20070920 emergency room 18
People waiting outside of emergency room patient drop-off at a hospital - 

TEXT OF STORY

TESS VIGELAND: A study out of Chicago this week found that providing permanent housing for the homeless ultimately saves taxpayer money. It reduces demand for shelters, recovery programs and hospital stays.

Here in Los Angeles the problem of homeless patients is so acute that hospitals have been caught dumping them on the city's Skid Row. Efforts to criminalize homeless patient dumping have thus far failed. Now, for the first time a coalition is combining resources to address the problem.

Marketplace's Jeff Tyler explains.


JEFF TYLER: When you or I leave the hospital, we generally go home. That's not an option for the roughly 80,000 homeless people in Los Angeles County. They can't recuperate in shelters, which typically make residents leave during the day. And until today, there were only 45 beds available for homeless recuperation in LA county. So many homeless patients stay in acute care at great expense to the hospital.

Mark Gamble: $14,000 a day -- and that is a conservative estimate from a community hospital perspective. But you go to some of the larger trauma centers, you could be looking at three to four thousand dollars a day.

That's Mark Gamble, with the Hospital Association of Southern California. Today, he was at a Salvation Army shelter to unveil the new Recuperative Care Demonstration Project. It will provide 30 beds. It's important, Gamble says, because keeping the homeless in hospital beds isn't just expensive, but a bad use of resources.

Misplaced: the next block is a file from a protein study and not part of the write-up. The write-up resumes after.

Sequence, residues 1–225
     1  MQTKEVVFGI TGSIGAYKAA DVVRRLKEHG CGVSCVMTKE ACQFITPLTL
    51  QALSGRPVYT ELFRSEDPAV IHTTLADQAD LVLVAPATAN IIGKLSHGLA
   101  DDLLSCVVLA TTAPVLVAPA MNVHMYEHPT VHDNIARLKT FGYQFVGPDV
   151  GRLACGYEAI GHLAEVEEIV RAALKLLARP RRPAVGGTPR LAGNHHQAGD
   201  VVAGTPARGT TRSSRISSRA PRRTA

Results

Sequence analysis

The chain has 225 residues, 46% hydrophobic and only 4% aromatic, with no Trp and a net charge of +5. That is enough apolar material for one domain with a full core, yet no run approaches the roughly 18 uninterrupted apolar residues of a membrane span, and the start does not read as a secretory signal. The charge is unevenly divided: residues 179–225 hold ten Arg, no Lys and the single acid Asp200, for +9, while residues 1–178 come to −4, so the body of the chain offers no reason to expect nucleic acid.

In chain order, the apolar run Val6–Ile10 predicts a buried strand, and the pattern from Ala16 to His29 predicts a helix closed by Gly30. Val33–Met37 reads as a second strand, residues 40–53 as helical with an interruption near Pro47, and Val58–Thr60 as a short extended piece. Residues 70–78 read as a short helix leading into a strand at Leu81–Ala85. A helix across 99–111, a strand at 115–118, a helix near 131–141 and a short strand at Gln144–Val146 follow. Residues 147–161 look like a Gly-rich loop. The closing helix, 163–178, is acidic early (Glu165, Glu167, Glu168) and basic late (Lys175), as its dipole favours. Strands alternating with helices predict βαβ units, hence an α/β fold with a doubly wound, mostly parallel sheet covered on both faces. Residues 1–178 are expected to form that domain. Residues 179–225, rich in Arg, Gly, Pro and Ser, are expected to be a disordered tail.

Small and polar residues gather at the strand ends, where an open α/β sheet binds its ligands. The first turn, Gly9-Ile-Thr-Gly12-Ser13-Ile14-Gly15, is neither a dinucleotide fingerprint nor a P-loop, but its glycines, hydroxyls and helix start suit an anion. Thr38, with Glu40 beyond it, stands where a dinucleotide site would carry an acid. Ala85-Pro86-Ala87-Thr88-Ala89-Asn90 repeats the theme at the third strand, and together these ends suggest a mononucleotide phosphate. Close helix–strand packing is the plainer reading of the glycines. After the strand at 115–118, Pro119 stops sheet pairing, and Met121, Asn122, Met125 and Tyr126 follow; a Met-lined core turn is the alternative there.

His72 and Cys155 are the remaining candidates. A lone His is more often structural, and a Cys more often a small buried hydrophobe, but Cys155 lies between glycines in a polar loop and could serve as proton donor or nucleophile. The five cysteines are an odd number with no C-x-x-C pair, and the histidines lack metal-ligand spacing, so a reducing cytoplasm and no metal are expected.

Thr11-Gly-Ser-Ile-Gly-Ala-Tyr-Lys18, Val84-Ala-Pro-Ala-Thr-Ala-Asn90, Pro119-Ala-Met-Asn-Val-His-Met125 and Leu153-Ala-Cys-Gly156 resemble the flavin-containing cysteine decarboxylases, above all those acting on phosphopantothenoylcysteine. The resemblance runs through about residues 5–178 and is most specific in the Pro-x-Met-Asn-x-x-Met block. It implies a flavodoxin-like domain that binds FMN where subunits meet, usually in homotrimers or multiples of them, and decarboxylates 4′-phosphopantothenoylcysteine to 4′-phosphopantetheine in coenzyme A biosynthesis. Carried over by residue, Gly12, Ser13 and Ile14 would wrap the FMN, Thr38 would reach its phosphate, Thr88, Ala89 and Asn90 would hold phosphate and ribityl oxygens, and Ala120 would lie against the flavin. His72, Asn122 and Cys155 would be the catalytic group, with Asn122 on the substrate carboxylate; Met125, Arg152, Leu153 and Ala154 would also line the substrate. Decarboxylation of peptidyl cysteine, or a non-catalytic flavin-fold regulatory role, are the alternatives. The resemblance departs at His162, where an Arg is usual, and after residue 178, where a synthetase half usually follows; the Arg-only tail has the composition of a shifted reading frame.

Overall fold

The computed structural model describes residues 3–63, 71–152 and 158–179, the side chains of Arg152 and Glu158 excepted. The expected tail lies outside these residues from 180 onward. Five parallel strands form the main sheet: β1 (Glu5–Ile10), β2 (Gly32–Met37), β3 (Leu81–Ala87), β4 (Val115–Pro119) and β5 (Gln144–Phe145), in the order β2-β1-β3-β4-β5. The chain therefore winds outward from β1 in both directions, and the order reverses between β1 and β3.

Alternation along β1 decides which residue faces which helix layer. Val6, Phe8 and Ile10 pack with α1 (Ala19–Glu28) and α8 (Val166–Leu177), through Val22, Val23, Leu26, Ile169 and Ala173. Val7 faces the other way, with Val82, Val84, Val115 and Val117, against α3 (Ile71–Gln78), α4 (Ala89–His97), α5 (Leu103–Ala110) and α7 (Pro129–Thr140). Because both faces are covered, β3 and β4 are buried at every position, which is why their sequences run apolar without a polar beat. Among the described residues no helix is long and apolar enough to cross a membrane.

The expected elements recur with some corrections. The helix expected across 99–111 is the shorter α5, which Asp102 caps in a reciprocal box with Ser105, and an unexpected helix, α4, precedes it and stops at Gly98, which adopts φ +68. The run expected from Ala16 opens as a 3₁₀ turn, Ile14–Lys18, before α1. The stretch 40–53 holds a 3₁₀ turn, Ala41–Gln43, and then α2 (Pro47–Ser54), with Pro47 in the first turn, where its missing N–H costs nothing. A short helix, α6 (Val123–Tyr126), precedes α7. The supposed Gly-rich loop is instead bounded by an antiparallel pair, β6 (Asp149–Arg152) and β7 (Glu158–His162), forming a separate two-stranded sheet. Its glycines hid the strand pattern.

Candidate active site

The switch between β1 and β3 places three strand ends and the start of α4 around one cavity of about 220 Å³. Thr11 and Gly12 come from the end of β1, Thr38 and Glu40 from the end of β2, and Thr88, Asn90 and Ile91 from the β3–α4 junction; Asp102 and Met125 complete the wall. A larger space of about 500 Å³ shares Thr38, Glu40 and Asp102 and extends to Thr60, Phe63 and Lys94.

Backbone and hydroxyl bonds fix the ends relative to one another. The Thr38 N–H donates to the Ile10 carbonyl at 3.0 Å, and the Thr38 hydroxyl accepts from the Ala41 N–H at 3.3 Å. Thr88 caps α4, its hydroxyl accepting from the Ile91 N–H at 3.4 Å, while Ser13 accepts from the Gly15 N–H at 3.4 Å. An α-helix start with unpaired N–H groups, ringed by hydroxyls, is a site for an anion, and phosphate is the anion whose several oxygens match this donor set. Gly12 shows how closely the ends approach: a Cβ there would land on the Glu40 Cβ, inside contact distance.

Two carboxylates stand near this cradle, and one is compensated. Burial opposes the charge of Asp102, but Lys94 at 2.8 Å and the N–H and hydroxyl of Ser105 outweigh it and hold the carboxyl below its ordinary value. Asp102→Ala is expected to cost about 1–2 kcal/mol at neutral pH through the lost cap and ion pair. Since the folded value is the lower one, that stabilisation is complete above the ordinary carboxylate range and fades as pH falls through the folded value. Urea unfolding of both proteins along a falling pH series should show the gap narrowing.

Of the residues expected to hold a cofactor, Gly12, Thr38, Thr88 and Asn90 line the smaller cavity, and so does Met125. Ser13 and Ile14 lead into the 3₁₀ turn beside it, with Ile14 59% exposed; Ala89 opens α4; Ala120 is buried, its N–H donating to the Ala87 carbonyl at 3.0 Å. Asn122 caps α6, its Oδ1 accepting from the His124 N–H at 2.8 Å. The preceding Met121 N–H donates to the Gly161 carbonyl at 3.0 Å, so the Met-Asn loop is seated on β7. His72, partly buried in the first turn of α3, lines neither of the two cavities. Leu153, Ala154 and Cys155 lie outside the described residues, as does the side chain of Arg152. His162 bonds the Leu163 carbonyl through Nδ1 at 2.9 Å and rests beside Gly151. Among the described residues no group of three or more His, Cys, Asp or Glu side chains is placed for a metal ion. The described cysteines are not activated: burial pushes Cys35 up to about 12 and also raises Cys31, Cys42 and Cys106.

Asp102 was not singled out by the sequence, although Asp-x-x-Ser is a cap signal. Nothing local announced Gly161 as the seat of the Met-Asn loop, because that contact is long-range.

Gamble: Right now in Los Angeles County, we've had ten hospitals close. And paramedics are driving all over the county looking for an open hospital bed.

A coalition of hospitals, philanthropies and local government will cover the $5.5 million cost of the project. Bruce Chernof is with the Department of Health Services in LA County.

Gamble: In tight fiscal times, bringing departments and organizations together to provide services in a coordinated way is not only good for the families and clients and individuals being served, but it's also a really good use of public and private funds.

Fifteen more beds will be added later this year. If the pilot program is successful, the coalition plans to expand it.

In Los Angeles, I'm Jeff Tyler for Marketplace.

Follow Jeff Tyler at @JeffMarketplace